Once upon a time, there was a would-be minimalist and sometime adherent of Thoreau-by-way-of-Gautama-and-Fox, who told himself he would remember to stow away his cell phone as often as he could, as a way of helping him to be more present and in the moment.
And then he forgot.
Following on yesterday’s theme: it’s amazing how quickly familiarity can set in, and how easily I can stop attending to all that is still so very new all around me.
I caught myself walking across campus today, oblivious of my surroundings, trying to catch up on my email. I think of it as a kind of technology-induced sleepwalking.
So much for monotasking.
But I did catch myself. So I stuck my phone into my pocket and started to pay attention. And it was worth it.
Later today, after dinner, I hopped on my new bike (well, new for me–it’s actually a pretty old bike) and pedaled just a mile and a half up the Parkway to a west-facing overlook. The sun hadn’t quite dropped behind Grandfather Mountain, but it was getting there. I stopped for a moment, just to appreciate the beauty in front of me.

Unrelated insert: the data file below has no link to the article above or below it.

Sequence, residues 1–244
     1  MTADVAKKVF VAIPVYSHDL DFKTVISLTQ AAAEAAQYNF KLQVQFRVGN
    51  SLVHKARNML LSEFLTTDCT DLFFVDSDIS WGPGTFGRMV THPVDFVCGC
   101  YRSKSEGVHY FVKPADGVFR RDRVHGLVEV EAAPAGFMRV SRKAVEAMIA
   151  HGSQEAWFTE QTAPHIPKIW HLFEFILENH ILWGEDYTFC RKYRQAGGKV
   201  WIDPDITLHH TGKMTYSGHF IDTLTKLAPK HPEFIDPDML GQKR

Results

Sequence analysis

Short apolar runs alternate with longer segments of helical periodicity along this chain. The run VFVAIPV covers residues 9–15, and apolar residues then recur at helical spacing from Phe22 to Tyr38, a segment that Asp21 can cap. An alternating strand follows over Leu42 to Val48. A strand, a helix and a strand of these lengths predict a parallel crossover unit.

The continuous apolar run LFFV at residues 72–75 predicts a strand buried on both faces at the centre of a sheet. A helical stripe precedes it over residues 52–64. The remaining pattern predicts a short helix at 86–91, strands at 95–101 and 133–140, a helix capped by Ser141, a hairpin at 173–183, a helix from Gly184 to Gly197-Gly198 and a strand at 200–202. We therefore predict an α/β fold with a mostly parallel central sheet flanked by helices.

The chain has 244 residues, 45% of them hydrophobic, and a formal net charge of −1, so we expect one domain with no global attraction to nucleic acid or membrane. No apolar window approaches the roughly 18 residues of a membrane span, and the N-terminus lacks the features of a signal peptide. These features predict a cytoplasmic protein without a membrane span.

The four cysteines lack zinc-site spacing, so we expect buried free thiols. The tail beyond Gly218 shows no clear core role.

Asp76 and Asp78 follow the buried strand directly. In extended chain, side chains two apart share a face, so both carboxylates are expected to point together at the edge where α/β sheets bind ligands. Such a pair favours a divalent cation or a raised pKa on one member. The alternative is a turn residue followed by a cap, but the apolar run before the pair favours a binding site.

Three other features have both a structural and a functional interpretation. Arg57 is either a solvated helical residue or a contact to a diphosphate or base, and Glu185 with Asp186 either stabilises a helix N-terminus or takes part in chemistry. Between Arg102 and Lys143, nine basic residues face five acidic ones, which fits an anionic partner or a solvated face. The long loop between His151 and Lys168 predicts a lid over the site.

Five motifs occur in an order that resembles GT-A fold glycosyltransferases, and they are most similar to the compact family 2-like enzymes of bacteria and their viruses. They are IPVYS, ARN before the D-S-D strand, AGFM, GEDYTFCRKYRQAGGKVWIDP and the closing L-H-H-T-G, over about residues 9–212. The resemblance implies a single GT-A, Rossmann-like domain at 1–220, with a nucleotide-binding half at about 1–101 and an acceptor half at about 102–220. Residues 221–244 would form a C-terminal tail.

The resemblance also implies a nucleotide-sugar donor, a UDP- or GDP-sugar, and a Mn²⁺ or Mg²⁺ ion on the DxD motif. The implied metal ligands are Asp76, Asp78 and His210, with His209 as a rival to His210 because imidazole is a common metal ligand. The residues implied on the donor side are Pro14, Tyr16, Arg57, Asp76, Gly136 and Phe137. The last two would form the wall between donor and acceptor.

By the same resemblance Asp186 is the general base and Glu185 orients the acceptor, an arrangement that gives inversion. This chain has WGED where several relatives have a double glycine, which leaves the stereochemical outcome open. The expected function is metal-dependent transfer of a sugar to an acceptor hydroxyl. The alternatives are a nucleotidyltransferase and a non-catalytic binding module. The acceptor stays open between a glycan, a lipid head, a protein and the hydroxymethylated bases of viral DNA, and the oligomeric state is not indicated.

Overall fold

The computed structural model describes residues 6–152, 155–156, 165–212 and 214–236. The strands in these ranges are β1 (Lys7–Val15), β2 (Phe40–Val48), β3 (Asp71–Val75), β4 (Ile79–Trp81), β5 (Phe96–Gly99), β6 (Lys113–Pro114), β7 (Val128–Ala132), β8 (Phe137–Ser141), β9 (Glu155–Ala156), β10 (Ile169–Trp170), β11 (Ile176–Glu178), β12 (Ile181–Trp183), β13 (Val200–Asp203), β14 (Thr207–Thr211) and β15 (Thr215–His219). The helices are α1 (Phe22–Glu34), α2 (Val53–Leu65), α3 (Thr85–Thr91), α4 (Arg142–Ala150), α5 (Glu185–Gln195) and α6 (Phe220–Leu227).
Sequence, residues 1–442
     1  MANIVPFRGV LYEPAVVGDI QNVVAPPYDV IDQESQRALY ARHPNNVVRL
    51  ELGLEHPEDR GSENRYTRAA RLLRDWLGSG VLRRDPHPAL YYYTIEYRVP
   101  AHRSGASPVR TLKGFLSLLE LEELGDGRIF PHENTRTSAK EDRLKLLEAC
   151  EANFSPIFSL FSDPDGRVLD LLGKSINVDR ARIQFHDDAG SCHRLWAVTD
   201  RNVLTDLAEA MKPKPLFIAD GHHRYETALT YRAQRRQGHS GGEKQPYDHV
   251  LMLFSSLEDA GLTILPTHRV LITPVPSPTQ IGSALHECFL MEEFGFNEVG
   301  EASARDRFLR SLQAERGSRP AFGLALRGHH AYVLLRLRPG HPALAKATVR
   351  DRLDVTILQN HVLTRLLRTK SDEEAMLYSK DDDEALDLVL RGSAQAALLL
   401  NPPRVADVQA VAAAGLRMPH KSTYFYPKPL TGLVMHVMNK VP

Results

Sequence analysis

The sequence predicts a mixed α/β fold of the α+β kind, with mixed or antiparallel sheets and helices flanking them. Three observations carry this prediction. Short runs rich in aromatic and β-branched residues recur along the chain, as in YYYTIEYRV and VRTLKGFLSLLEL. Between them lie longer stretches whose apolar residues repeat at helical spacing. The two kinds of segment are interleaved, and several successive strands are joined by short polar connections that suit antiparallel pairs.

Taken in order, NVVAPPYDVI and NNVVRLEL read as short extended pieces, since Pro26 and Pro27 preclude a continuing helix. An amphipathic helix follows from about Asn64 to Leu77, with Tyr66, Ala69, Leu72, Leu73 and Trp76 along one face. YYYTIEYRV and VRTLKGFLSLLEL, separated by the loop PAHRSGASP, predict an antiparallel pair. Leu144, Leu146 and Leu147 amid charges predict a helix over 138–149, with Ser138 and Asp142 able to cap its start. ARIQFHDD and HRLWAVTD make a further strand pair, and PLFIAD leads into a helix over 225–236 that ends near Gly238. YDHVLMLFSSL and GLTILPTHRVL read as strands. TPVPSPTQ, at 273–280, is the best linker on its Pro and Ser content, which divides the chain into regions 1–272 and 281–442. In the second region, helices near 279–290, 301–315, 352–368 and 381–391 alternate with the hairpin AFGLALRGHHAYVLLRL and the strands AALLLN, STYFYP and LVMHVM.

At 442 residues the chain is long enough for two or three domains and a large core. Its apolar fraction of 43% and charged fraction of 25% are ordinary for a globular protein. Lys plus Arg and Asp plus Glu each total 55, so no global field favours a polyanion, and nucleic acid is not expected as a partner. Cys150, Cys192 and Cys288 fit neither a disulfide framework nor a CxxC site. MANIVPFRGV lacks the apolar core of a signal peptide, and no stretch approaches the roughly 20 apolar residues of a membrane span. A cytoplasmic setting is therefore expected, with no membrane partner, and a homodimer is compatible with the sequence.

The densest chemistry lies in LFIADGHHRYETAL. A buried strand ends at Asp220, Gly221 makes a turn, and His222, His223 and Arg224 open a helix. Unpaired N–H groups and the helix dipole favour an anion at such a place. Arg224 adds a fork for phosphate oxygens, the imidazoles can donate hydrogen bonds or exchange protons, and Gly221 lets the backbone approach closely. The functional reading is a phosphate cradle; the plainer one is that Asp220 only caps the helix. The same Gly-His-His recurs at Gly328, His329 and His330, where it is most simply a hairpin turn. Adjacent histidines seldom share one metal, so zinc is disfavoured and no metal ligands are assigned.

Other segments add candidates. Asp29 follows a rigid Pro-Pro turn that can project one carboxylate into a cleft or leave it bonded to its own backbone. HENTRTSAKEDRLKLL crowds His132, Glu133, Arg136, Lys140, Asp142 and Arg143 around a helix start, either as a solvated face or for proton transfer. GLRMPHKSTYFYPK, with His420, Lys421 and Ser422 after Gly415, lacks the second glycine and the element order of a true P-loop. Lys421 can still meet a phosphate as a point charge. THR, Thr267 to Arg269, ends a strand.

Then I hopped back on my bike, pedaled back home, and asked my daughter if she would like to see the prettiest sunset ever. She was in the middle of watching a DVD, but as I pointed out to her, she could pause her movie, but you can’t pause a sunset. She grabbed a light jacket and I made her a cup of chamomile tea in a travel mug.
We were back at the overlook just as the sky was painted red. A short walk from the pull-off brought us to a rocky outcrop. We sat down and watched the colors of the sky change and the outline of the mountains darken.
I would have posted a picture of that sunset, but I left my cellphone at home.
Good call, I say.